Tuesday, September 15, 2009

Sun Spots and Atlantic Storms Correlation

In order to comply with the complaining about the low solar numbers quota that every HAMs must comply with as per of FCC rules, Earlier this week while driving I was amusing myself by dreaming about higher solar activity. -- Doesn't everybody?

In this particular day dream, I started to notice that there was an apparent relationship between solar activity chart in my head and the hurricanes I could bring to mind, please remember I'm driving, so my data was more than a little fuzzy. So this PDF is a result of an attempt to do a slightly less fuzzy back-of-an-envelope type of calculation.

I got my Solar Data and chart from the Solar Influences Data Analysis Center - (SIDC) http://sidc.oma.be/sunspot-index-graphics/sidc_graphics.php

and my Storm Data from the National Oceanic and Atmospheric Administration - (NOAA) - http://www.aoml.noaa.gov/general/lib/mgch.html (and a few others)

This seems so obvious that I knew I could not have been the first to notice, so a little google search turned a few references, but the best and cleanest seem to be this wiki entry. Where it names good 'le GATECH as the authors of just such an idea.


OK, so it is not a new idea, but an interesting one all the same. Notice the storms seem to ovoid the peaks (and troughs - except for Betsy). My original idea was that really large US hitting storms would only occur 18 mo ~ 24 mo AFTER the solar peak. This simple chart shows that is not exactly exclusively true. While it is true that storms do seem to follow that pattern, they also seem to happen 18 mo ~ 24 mo BEFORE the solar peak. This needs a little more work before any real conclusions can be made, but there does seem to be a pattern.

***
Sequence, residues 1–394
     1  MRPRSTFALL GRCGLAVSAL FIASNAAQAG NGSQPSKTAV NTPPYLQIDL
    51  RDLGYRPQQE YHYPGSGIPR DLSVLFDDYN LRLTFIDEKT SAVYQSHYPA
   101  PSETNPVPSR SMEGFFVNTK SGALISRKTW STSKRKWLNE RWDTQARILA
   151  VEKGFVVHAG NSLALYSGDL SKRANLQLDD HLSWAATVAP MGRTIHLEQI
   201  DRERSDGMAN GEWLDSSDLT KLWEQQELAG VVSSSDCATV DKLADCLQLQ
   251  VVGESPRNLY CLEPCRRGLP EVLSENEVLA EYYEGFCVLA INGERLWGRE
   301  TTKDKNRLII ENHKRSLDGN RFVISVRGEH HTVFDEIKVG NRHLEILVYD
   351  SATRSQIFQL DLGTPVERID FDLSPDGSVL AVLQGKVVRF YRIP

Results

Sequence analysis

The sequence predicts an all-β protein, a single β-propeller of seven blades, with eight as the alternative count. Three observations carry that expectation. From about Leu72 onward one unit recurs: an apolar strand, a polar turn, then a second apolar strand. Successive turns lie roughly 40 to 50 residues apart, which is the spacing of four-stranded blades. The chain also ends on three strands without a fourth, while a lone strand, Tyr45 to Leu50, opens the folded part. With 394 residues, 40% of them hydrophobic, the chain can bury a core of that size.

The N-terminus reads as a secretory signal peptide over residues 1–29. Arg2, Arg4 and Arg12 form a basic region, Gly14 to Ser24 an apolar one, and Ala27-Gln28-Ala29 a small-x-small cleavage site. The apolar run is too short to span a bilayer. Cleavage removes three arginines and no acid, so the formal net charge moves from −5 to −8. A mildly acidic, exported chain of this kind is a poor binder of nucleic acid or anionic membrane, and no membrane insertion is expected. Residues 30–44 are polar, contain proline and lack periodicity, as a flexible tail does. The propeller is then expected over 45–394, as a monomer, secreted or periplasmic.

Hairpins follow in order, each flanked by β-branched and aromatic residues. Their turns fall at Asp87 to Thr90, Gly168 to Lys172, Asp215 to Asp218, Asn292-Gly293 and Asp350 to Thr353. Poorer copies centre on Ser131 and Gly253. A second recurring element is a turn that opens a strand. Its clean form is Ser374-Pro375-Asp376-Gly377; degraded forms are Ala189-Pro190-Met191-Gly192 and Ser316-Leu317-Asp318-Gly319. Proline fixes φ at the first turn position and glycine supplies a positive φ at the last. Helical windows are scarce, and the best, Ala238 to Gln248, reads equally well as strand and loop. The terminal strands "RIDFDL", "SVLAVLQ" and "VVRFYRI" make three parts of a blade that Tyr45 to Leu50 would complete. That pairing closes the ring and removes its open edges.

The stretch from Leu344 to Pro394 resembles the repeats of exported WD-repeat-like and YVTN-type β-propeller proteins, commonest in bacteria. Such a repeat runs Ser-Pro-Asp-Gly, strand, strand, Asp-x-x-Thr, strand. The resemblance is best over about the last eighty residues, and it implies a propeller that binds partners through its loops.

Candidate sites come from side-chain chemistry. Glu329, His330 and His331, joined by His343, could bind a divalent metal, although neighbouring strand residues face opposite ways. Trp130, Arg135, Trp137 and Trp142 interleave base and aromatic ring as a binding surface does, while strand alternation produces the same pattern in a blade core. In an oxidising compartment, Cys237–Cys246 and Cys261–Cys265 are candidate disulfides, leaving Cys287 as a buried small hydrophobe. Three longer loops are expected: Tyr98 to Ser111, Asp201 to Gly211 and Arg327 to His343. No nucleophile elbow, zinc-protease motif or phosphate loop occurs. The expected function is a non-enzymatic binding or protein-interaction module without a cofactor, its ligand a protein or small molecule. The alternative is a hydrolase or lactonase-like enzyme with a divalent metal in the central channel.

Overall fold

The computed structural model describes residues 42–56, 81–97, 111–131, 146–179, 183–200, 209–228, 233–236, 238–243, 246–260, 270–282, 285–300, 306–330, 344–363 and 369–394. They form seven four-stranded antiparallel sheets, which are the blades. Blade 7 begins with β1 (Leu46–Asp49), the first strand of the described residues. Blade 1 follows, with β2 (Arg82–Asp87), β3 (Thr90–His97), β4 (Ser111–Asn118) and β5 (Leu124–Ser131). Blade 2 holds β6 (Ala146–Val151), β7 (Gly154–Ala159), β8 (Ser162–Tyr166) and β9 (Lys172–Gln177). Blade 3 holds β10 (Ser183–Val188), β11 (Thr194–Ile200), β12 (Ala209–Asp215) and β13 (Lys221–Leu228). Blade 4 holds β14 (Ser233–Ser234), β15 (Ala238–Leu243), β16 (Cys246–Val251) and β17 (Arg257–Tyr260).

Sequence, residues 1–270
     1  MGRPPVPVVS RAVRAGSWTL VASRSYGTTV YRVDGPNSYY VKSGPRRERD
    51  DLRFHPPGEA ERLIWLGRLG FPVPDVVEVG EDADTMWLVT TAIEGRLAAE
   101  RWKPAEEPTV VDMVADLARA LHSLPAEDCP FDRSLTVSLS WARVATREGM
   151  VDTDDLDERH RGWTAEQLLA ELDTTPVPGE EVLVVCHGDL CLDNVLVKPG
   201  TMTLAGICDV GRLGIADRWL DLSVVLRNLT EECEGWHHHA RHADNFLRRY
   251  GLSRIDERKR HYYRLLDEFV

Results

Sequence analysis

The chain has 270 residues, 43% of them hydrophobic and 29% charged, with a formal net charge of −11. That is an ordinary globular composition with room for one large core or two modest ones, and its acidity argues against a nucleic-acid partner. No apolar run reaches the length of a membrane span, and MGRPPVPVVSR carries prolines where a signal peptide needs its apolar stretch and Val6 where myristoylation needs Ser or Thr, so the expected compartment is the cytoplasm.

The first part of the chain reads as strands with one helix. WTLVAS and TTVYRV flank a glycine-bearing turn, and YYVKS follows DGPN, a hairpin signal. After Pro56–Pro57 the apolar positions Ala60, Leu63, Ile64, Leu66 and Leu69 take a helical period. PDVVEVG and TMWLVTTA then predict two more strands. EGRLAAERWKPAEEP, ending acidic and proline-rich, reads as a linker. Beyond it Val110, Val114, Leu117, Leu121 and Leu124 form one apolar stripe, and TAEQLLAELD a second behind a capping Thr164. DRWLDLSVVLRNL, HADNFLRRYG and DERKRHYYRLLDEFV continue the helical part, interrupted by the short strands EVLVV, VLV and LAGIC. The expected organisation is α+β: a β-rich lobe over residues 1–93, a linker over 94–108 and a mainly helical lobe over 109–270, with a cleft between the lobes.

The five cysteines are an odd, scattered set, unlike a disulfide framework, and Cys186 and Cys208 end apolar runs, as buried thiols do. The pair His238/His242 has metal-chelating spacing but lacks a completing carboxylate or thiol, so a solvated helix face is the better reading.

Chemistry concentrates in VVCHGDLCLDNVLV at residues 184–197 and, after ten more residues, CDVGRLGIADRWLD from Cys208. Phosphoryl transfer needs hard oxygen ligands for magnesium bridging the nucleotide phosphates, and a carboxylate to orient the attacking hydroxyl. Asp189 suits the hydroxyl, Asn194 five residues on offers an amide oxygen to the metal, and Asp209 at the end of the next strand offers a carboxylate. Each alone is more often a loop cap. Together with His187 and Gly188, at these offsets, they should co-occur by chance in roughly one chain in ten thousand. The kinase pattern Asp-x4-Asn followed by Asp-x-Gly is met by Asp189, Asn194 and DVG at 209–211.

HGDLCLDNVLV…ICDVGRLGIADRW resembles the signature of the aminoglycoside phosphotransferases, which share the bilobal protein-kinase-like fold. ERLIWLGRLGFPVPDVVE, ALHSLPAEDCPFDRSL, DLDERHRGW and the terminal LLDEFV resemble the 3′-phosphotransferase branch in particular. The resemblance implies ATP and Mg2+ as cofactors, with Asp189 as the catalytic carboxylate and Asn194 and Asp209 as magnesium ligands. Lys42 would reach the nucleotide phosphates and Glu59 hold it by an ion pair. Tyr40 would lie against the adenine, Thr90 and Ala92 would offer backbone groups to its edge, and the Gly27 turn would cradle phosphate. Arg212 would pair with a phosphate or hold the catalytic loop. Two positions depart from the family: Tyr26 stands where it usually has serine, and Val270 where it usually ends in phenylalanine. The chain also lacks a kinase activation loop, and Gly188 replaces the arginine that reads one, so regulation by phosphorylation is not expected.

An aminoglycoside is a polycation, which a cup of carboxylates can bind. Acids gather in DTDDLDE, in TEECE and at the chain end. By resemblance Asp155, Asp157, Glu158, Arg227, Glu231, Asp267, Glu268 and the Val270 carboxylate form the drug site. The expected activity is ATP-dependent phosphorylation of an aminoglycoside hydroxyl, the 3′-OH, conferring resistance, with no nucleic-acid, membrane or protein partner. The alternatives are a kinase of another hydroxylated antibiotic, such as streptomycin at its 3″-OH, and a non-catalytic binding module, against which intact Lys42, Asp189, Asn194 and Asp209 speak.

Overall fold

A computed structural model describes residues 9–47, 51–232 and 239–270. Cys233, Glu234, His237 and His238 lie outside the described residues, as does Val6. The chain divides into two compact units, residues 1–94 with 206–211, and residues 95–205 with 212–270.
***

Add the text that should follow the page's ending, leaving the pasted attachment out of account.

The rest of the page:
1. The few Atlantic hurricanes posted on the graph of sunspot numbers do not seem to suggest (to me) much of a correlation. It might be more revealing to include every major (cat 3+) hurricane during the study period. An interesting data source is weather.unisys.com/hurricane/atlantic. On the other hand, the Ga Tech study claimed a correlation with low sunspot activity. It may be fertile ground for graduate students to explore.

  2. Well said John; This was just a back of an envolope calculation. I love the unisys site you provided, much detailed than the ones I had used.

    I will attempt to do a 50 year stretch with Cat 3+ storms, and included the non US striking ones too.